Canadian Captain Peter McLean Smith, aged 45, was the Master of the Victolite at the time. He was responsible for a total complement of 47 men, of whom two were Gunners manning the ship’s defensive weaponry, usually consisting of a large 4-inch artillery gun, possibly with a smaller 12-pound gun and a number of mounted and hand-held machine guns. With the exception of two men (Gunner John Richmond Archer Lawson, aged 29 and British, and Engine Wiper Fritjof Søderberg, aged 27 and Norwegian), all of the crew were Canadian nationals. There were six teenagers aboard, all but three of them 19 years of age. The youngest was Engine Wiper Daniel Ralph Stone, aged 16, followed by Saloon Messman Charles H. Tooker and Ordinary Seaman Gerard Roy Martell, both aged 17.

There were 25 men who were aged in their twenties, including the other Gunner, William Manzell, an Able Seaman in the Royal Canadian Navy. The oldest man on board was Antoine J. Arsenault, a boilermaker – he was 49.  The senior officers assisting Captain Smith were First Officer David Propert Harries, aged 39, Chief Engineer Officer Neil Munro, aged 40, Second Officer Joseph Albert Ouellet, aged 26, and Third Officer Harold Frank Getson, aged 23. The Radio Operator was Frank G. Taylor, aged 28.

By the afternoon of Tuesday the tenth of February Captain Smith and his men had made it to a point 260 nautical miles north-northwest of Bermuda, 400 miles east of Cape Hatteras, 400 miles southeast of New York, and 325 miles south-southeast of Nantucket. This position is 42 miles southeast of the Caryn Seamount. At that time and in that place the hapless tanker sailed across the sites of the German submarine U-564 under the command of the aggressive veteran skipper then-KapitänleutnantReinhard Suhren.
This photo was taken less than 15 nautical miles from the location where the Victolite was sunk. It shows conditions as taken from the ship A/B HrMS Zuiderjruis (A-832). There is no indication that conditions were this rough for the men of the Victolite when they abandoned ship, nor how long they survived in their boats, but it is forseeable that the longer the drifted the greater their chance of encountering this kind of weather – potentially fatal to men in open boats – in February in the North Atlantic.

Photo source: submitted to Google earth by jorrit73 of the Dutch Navy on 3 May, 2011. http://www.panoramio.com/user/4147750

Reinhard “Teddy” Suhren (later Fregattenkapitän and holder of the Knights Cross with Oak Leaves and Swords), entered the Bermuda area on the eighth of February 1942 and attacked two ships during eight days in the region – the other being the Opalia on 16th February. Suhren was heading west to Hatteras U-at the time he and his officers and crew came upon the zig zagging Victolite.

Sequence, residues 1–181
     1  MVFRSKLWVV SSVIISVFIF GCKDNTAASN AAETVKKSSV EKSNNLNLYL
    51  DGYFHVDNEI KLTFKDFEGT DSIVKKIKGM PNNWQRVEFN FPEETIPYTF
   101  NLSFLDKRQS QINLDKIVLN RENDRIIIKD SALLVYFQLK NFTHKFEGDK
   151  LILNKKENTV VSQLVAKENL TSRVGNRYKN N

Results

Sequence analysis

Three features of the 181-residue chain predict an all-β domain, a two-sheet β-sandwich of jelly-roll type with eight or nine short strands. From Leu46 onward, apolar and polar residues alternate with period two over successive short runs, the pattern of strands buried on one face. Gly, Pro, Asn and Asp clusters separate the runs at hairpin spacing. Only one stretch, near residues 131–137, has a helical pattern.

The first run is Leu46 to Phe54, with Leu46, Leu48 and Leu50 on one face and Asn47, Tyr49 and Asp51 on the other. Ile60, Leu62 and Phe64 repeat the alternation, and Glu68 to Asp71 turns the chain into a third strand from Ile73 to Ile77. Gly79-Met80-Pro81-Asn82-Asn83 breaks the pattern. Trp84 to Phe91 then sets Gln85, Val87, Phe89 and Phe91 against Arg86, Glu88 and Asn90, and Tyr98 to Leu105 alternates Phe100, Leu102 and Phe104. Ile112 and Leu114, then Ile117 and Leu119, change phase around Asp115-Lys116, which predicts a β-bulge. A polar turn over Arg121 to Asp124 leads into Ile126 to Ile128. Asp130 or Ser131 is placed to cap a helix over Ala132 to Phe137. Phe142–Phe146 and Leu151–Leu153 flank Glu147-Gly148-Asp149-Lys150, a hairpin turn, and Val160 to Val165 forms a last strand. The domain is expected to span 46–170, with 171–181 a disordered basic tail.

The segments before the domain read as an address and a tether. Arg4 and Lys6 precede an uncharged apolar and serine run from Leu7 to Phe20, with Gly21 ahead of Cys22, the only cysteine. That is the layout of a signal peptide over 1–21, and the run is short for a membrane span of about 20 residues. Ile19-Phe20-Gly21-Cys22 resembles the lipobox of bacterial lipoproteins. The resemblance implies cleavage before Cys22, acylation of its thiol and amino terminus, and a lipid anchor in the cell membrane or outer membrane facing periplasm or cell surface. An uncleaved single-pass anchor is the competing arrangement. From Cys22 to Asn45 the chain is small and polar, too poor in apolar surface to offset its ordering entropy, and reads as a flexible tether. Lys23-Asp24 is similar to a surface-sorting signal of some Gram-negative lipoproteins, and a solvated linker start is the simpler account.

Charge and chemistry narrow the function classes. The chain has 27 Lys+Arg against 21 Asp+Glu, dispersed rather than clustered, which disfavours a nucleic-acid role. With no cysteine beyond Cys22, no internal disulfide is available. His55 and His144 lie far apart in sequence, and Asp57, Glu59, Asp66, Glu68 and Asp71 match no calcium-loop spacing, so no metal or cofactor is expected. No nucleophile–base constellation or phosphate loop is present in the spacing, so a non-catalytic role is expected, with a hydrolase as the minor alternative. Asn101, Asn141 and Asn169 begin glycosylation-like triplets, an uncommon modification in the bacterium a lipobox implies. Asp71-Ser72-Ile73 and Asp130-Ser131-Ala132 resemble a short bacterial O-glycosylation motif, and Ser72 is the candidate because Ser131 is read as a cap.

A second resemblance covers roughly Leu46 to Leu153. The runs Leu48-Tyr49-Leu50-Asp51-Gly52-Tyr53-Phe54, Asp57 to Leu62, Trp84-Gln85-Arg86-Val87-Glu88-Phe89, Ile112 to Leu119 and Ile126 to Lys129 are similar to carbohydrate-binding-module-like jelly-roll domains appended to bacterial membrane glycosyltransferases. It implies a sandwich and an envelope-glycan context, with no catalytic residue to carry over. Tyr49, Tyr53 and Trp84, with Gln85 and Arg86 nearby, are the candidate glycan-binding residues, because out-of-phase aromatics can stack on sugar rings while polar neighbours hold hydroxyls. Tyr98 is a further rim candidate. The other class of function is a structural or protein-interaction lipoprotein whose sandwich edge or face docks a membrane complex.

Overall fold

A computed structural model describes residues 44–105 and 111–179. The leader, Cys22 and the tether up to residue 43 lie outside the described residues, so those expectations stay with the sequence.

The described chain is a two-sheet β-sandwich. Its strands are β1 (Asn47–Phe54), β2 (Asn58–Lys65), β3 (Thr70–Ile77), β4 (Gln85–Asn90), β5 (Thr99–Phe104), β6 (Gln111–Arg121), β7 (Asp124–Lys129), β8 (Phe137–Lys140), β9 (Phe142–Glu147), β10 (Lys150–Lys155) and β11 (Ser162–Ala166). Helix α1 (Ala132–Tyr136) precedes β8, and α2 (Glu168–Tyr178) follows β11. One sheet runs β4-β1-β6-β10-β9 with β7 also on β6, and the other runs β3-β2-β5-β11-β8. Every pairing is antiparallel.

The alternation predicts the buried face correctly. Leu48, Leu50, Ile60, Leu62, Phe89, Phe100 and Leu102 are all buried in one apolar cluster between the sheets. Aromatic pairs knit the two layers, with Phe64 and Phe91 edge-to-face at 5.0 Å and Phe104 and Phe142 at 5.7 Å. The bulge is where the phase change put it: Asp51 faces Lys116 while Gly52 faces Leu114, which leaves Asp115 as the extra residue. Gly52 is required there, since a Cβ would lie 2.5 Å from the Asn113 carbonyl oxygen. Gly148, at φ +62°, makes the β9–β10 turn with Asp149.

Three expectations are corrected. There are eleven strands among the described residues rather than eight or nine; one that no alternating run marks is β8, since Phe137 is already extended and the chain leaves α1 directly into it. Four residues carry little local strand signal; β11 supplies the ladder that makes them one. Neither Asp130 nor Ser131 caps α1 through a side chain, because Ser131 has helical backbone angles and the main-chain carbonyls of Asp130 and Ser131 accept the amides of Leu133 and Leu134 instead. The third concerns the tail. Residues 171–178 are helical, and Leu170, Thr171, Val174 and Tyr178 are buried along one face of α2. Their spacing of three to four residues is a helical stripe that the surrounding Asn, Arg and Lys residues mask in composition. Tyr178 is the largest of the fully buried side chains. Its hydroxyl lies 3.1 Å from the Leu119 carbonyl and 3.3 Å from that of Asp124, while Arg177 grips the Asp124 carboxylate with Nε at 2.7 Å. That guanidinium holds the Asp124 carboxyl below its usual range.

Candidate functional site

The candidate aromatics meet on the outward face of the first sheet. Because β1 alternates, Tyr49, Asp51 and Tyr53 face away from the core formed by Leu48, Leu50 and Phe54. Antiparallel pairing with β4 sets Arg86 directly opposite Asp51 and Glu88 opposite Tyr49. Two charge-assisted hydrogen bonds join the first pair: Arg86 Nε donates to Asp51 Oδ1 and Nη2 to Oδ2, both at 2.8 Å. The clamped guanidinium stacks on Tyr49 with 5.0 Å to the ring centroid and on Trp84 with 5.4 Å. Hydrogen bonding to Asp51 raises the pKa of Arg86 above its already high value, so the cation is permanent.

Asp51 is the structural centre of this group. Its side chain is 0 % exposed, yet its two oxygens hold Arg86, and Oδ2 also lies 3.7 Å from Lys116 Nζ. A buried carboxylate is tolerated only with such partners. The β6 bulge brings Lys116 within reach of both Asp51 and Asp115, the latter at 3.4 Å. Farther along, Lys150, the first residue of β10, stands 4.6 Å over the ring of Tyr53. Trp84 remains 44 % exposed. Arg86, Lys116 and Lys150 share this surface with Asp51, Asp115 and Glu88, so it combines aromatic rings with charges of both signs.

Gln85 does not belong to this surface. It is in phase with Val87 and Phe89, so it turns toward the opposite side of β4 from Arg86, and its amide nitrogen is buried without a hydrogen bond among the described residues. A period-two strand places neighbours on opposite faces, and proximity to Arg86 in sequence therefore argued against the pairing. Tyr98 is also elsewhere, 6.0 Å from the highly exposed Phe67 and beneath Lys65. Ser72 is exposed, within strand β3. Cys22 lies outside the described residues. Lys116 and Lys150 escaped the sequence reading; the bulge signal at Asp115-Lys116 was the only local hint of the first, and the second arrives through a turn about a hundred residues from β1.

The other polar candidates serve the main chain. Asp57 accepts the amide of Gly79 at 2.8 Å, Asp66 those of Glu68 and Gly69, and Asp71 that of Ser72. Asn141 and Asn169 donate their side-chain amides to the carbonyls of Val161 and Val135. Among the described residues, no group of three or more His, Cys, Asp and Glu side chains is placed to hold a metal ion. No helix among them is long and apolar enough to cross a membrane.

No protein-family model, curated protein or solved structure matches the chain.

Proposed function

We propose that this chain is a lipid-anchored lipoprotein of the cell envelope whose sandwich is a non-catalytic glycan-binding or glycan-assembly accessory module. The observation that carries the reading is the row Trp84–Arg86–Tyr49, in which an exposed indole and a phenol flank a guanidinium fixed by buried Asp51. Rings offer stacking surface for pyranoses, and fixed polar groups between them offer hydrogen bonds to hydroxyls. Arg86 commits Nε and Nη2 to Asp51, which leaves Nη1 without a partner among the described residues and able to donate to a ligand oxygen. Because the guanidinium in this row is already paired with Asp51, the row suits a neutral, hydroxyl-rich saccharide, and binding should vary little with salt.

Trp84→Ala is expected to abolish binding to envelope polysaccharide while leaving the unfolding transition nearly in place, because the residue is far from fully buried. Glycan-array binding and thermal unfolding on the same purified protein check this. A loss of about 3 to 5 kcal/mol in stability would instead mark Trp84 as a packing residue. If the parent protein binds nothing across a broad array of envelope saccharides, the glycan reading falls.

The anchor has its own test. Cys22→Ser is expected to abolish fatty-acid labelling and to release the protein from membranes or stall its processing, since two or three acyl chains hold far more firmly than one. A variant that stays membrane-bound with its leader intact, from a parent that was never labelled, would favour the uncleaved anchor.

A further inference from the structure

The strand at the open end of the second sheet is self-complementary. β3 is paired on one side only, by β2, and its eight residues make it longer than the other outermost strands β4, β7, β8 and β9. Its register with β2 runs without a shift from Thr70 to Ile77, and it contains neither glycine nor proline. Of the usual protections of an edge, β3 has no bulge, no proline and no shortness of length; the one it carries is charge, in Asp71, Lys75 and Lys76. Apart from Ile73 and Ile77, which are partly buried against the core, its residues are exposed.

Fregattenkapitän Reinhard Suhren returning from patrol.

On Tuesday the 10th of February, German time (about six hours ahead of local, or ship’s time), Suhren observed that the wind was from the northwest about 15 knots, sea state was about 4-5 feet, and it was very cloudy. At 8:25 pm (about 2:25 pm ship’s time), his crew observed “1 smoke cloud in sight bearing 286°T.” Suhren “Maneuvered ahead and distinguished a tanker on course 210°” U-564 had discovered the vulnerable Victolite. Since we have no record from the Canadian crew’s perspective, it would seem appropriate to provide the exact observations of what happened next in full from the German’s KTB, Krieg Tag Buch, or war diary:
On Wednesday the 11th of February at 19 minutes after midnight German time (about 6:19 pm ship’s time) Suhren notes: “At dusk closed on the tanker at target angle 60°.  Waited until darkness and then attacked.” At 1:43 am, or 7:43 ship’s time, he fired a single torpedo from Tube 1, however Suhren had overestimated the ship’s speed and the projectile missed, presumably passing ahead of the Victolite’s bows.
Whether it was seen by the ship’s lookouts will never be known, however an Allied ship which has spotted a torpedo or detected an Axis submarine generally turns its heels towards the direction of the sub and races off at full speed, opening fire with any defensive armament it might have. This the Victolite did not do.

It would appear that Victolite’s men did not see the phosphorescent trail left by the torpedo, as Suhren then notes “Tanker steams on calmly. Enemy maintains speed and course the entire time, no zig zag is observed.” At 9:24 pm ship’s time Suhren “Shot from tube II with exact data. Hit amidships, running time 25 seconds. Tanker transmits on the 600 meter wave:  SSS VICTOLITE position 36.12N 67.14W torpedoed.  Position checks exactly.  Size 11410 GRT [gross registered tons].”
Clearly Radio Operator Frank Taylor had managed to get off an emergency radio signal, which was received in Hingham Massachusetts and relayed – this would indicate that despite having taken a torpedo amidships the Victolite’s two large masts with radio aerials were still standing at the time.